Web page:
Are software development tools affecting your choice of 8-bit vs. 32-bit processors?

Wednesday, February 1st, 2012 by Robert Cravotta

I have always proposed that the market for 8-bit processors would not fade away – in fact there are still a number of market niches that rely on 4-bit processors (such as clock movements and razor blades that sport a vibrating handle for men when shaving their faces). The smaller processor architectures can support the lowest cost price points and the lowest energy consumption years before the larger 32-bit architectures can begin to offer anything close to parity with the smaller processors. In other words, I believe there are very small application niches that even 8-bit processors are currently too expensive or energy hungry to support just yet.

Many marketing reports have identified that the available software development tool chains play a significant role in whether a given processor architecture is chosen for a design. It seems that the vast majority of resources spent evolving software development tools are focused on the 32-bit architectures. Is this difference in how software development tools for 8- and 32-bit processors are evolving affecting your choice of processor architectures?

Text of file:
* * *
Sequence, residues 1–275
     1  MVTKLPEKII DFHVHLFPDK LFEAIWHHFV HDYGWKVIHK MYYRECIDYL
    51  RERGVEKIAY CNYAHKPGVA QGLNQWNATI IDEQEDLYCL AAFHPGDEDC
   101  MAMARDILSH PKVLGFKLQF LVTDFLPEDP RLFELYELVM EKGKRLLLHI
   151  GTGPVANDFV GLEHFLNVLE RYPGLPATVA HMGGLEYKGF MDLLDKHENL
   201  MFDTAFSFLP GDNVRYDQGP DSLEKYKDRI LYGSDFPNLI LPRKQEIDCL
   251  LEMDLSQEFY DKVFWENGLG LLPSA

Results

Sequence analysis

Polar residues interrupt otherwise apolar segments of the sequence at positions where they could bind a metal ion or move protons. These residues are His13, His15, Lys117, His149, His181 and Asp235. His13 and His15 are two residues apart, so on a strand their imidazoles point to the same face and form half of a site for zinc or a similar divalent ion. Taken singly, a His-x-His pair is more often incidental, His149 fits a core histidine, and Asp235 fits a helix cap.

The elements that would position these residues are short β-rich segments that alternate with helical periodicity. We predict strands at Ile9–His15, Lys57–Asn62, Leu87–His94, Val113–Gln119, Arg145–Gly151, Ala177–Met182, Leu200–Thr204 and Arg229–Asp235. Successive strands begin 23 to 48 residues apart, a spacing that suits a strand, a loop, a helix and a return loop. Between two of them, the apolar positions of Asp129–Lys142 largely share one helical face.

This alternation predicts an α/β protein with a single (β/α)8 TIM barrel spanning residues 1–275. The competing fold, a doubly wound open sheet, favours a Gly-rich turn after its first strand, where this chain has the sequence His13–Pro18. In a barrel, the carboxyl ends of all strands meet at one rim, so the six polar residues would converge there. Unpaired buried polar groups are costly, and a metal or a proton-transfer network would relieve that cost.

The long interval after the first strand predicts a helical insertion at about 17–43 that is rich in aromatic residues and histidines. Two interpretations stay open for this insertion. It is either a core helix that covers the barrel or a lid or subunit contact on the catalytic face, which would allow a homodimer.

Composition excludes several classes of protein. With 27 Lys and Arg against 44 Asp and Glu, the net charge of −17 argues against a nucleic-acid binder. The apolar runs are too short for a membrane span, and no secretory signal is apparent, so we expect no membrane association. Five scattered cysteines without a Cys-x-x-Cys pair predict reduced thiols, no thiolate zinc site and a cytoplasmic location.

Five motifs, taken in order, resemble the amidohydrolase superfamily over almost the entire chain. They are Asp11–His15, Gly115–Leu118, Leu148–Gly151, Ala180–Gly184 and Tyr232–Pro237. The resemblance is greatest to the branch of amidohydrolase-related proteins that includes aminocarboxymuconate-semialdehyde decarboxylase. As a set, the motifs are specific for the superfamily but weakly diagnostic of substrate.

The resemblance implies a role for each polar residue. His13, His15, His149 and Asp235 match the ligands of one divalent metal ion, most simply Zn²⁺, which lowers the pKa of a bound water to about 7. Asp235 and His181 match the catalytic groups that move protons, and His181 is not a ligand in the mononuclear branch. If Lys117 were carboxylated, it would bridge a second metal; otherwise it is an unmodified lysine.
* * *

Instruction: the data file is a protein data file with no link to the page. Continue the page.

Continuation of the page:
I believe the answer is not as straight forward as some processor and development tool providers would want to make it out to be. First, 32-bit processors are generally much more complex to configure than 8-bit processors, so the development environments, which often include drivers and configuration wizards, are nearly a necessity for 32-bit processors and almost a non-issue for 8-bit processors. Second, the type of software that 8-bit processors are used for are generally smaller and contend with less system-level complexity. Additionally, as embedded processors continue to find their way into smaller tasks, the complexity of the software may need to be simpler than current 8-bit software to meet the energy requirements of the smallest subsystems.